Bob Metcalfe’s article
The first published reference to the world’s first webcam happened before it was a webcam!
On January 27, 1992, Bob Metcalfe’s column in Communications Week talked about our XCoffee system, which, the following year, would be connected to the web using a gateway created by Dan Gordon and Martyn Johnson. CommWeek is now long-gone, but I found a copy of the column in my emails from the period, and it’s reproduced here with Bob’s kind permission.
Communications Week (USA)
January 27, 1992
Bob Metcalfe’s LAN Notes
Hacking a New ATM-RPC-Ethernet Coffee Pot Server
Like hackers immemorial, surrounded by the toys required for serious computer research, Quentin Stafford-Fraser and Paul Jardetzky here at the University of Cambridge could not resist spending a few recent nights hacking together an unauthorized network application called XCoffee.
Such just-for-fun hacks can stir up the unexpected and, sometimes, important ideas for new killer apps.
Quentin and Paul wrote XCoffee so that while sitting at their networked workstations they can see the coffee pot shared with colleagues in the lab’s office tower. The computer laboratory is littered with cheap video cameras as a result of its Pandora Project (which I will report on soon). They commandeered a spare camera and aimed it at the coffee pot from a rack-mounted video-frame-grabbing 68020 server.
Now, from the comfort of their offices, users can see the tower’s coffee pot, its power light, and the level and darkness of the coffee. They glance at the small XCoffee window on their displays and, applying a bit of game theory, decide when to run down the tower cup in hand.
XCoffee uses asynchronous transfer mode (ATM) remote procedure calls (RPC) over Ethernet to grab 768x576x8-bit monochrome pictures of the coffee pot. It then uses the Massachusetts Institute of Technology’s X Window System over Ethernet to put selected versions of those pictures on user displays.
You may be confused by the mention in such a simple application of RPC over ATM, and of ATM over Ethernet. The lab has for years been experimenting with high-grade multimedia communications, including real-time desk-top videoconferencing. The ATM rings and switches work up to 500 megabits per second. They include elaborate distributed system software facilities such as RPC. XCoffee exploits this classy environment only because it is lying around. Since XCoffee requires low-resolution still pictures every few seconds, even Ethernet is gross overkill -- RS232 would do.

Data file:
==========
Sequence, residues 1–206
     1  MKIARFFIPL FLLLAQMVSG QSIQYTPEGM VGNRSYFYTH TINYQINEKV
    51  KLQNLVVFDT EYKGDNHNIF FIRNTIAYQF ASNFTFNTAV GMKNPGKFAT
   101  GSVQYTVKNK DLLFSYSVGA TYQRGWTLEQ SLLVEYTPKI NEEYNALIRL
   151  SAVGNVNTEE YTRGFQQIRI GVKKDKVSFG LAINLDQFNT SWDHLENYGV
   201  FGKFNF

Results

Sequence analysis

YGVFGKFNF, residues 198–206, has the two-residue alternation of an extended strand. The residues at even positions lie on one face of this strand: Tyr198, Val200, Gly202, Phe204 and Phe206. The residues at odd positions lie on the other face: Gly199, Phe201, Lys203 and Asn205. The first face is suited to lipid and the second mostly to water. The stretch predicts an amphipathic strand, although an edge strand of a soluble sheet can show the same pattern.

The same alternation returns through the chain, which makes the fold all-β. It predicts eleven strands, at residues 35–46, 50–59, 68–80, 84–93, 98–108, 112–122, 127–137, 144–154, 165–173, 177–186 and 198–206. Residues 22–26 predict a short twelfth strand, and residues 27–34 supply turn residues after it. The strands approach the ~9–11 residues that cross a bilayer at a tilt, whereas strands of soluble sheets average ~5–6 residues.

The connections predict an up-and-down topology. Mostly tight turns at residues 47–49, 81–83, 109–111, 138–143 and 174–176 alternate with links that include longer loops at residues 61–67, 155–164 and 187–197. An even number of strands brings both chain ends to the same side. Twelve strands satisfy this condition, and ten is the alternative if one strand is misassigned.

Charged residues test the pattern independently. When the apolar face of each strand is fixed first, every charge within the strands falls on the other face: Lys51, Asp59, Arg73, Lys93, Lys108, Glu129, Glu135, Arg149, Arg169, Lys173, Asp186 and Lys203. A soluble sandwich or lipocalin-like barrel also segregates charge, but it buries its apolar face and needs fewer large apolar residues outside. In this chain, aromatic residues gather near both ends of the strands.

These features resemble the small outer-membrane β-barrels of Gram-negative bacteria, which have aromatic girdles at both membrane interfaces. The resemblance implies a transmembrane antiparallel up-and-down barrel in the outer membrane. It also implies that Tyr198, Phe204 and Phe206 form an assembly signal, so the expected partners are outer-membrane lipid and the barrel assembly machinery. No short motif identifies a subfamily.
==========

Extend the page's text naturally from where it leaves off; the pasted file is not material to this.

With this coffee pot application now well on its way to market, Quentin and Paul are thinking about follow-on … well, err, hacks. Possibilities include adding color and networked-camera applications that let them watch the queue in the tea room, the paper trays on printers, and the sandwich van in the parking lot.
Why not extend XCoffee to image-process its pictures of the coffee pot so that it can sound an alarm when the pot nears empty? Why not let users reserve a cup of coffee while running down the tower cup in hand? The possibilities are endless.
XCoffee is the best network appliance hack I’ve heard about since the Simple Network Management Protocol-managed toaster demonstrated at Interop a year ago. You might reasonably conclude from such hacks that certain programmers don’t have enough worthwhile to keep them busy. But I conclude that there are things new under the sun, and that we still need hackers to find them.
BOB METCALFE hacked Arpanet at MIT Project Mac just before inventing Ethernet at Xerox Parc in 1973. Comments are welcome via the Internet to Bob.Metcalfe@cl.cam.ac.uk. The opinions expressed are his own.